LOS ANGELES - Shares of movie rental companies Netflix Inc and Blockbuster Inc fell on Thursday, dragged down by news that online video site YouTube is talking with several major movie studios about renting movies, analysts said.

Shares of Netflix fell about 4 percent to $40.10 while shares of Blockbuster declined about 10 percent to $1.08.

A deal between YouTube, owned by Internet search giant Google Inc, and studios could pose stiff competition to Netflix's online streaming service and movie rental retailer, Blockbuster.

The thinking is if you're going to rent a movie from YouTube, you're not going to rent from a Blockbuster store or Netflix, said Edward Woo, an analyst at Wedbush Morgan Securities.

Woo said that a deal would likely hurt Netflix more, since the subscription-based company has a much deeper digital streaming service.

Woo considered the overall impact to both companies minimal, adding, I think people are overestimating the success that YouTube will have.

Janney Montgomery Scott analyst Tony Wible rated Netflix a sell with a $34 price target on Thursday, saying the market has failed to price in competition from YouTube and rental kiosks deployed by Blockbuster and Redbox, as well as competition from a Google Inc movie rental service.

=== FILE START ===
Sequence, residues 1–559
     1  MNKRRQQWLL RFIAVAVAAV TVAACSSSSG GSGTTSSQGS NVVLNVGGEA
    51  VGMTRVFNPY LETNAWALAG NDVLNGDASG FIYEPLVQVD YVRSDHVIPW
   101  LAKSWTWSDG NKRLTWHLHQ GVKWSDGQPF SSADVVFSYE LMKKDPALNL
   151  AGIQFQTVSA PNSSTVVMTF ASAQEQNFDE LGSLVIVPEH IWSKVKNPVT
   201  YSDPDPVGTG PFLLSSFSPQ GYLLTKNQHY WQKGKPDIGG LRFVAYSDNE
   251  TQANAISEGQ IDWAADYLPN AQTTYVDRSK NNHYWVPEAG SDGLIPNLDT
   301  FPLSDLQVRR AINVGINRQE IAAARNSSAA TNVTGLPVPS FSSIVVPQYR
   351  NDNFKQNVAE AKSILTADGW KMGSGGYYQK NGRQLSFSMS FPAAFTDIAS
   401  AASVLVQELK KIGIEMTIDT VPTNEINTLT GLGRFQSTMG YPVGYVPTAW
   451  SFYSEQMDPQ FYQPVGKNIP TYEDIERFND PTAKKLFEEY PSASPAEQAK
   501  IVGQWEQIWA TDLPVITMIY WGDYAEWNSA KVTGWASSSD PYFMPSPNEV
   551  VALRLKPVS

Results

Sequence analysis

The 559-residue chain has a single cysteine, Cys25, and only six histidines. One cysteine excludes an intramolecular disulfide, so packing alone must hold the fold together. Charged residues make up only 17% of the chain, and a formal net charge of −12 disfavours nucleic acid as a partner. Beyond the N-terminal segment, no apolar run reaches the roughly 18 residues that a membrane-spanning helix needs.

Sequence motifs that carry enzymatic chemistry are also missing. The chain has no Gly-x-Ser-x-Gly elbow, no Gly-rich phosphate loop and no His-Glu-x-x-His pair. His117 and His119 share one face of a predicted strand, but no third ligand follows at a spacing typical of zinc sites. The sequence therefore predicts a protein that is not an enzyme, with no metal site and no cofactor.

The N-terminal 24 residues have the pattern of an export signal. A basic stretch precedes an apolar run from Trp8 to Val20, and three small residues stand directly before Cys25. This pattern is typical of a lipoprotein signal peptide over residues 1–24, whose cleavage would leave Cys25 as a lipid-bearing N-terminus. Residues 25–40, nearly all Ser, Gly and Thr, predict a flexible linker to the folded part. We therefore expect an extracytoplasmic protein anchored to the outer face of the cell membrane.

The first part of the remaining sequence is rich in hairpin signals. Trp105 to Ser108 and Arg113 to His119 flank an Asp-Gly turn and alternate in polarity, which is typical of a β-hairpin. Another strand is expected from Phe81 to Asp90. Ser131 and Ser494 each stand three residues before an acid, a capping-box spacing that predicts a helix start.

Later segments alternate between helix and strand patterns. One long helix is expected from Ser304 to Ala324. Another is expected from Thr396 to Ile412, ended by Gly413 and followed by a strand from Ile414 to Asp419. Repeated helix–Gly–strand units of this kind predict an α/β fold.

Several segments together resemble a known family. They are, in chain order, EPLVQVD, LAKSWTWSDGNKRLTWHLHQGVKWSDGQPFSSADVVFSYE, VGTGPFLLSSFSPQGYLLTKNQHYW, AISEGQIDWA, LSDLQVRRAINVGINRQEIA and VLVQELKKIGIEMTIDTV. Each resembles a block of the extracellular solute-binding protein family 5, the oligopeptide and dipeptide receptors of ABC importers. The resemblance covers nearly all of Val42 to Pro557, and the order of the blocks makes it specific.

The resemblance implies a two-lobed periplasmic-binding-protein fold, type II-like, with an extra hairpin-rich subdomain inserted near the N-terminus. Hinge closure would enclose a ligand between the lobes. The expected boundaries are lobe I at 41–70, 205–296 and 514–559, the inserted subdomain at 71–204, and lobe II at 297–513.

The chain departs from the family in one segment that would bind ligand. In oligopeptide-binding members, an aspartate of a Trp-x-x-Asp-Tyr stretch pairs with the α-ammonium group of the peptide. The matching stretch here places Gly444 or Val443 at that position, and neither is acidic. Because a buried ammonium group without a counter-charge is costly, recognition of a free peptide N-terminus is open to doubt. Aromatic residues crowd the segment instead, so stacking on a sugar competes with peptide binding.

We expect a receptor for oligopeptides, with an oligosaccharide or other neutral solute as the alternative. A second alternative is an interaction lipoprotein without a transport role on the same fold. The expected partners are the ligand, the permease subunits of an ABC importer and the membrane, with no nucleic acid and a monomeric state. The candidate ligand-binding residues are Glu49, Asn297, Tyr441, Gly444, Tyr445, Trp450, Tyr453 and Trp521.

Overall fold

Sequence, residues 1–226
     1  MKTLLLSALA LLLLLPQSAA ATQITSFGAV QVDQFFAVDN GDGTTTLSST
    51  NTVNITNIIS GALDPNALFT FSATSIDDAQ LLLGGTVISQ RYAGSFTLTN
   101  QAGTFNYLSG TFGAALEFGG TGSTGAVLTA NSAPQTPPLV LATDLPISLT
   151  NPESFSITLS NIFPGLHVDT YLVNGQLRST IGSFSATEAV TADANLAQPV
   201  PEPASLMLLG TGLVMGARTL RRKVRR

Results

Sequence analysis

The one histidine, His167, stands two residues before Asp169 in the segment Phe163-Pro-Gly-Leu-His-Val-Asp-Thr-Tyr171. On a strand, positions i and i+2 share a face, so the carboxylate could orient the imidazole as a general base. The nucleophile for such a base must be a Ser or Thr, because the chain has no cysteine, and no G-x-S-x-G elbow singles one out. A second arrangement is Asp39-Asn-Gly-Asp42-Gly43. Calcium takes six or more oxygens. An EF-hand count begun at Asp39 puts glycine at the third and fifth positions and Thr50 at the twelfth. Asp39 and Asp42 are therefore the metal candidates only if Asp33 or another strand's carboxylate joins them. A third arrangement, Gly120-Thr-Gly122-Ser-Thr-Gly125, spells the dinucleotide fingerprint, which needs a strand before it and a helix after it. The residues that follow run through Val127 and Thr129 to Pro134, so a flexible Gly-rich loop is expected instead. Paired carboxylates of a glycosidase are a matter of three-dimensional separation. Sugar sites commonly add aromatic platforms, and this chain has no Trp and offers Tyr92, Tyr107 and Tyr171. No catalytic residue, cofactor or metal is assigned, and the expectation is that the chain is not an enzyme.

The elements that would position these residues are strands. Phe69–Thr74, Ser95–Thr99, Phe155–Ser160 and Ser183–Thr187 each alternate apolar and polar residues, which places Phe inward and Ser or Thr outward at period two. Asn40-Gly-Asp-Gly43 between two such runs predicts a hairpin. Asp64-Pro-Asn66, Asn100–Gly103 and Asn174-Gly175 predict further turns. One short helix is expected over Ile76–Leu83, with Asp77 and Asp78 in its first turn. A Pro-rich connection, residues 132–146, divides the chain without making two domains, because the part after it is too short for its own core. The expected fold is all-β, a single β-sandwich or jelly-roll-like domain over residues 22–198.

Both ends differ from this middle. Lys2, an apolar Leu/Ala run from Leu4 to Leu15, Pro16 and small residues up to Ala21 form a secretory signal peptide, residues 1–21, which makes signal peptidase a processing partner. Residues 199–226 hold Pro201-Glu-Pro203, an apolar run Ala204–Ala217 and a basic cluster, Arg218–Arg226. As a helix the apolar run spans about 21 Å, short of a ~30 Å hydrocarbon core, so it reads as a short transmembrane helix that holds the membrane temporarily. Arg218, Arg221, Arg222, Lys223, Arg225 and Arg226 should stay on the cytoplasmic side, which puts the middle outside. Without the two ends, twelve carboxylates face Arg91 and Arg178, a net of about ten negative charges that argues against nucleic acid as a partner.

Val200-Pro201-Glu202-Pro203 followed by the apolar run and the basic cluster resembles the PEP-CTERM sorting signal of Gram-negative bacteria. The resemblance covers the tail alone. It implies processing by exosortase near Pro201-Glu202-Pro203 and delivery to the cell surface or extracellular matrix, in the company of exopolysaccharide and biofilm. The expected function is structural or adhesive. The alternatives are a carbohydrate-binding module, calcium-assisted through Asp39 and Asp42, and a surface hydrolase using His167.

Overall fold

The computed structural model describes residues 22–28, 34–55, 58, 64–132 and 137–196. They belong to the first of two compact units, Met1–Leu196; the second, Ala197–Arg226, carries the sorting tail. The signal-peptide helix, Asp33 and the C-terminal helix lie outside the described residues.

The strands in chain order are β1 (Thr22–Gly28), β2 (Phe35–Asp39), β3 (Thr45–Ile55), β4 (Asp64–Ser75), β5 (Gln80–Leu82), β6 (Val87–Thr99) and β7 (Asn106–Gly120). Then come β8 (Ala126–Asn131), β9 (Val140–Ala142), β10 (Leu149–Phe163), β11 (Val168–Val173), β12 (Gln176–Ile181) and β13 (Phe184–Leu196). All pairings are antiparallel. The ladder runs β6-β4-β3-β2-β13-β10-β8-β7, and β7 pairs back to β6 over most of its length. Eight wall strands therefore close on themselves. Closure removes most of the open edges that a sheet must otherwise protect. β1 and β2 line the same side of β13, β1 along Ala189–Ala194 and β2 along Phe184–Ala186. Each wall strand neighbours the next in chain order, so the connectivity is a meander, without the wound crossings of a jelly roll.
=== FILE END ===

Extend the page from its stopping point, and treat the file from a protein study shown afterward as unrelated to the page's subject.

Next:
According to a person familiar with the talks, YouTube has held discussions with Lions Gate Entertainment Corp, Sony Pictures, a unit of Sony Corp, and Time Warner Inc's Warner Brothers about online movie rentals.

It would mark the first time the world's most popular video site would charge users to watch videos.

Woo said Blockbuster's stock is also retreating from a recent run-up.

Shares of Blockbuster jumped more than 37 percent on Wednesday after the company cut the size of its letters of credit for Viacom Inc by about two-thirds, or $50 million, a move that analysts said signals an improving credit outlook. The company also recently announced the sale of entertainment retailer Xtra-vision Limited in Ireland.

Traditional movie rental chains like Blockbuster have struggled to retain customers going online and innovative services like Netflix and Coinstar Inc's Redbox.

(Reporting by Laura Isensee, editing by Matthew Lewis)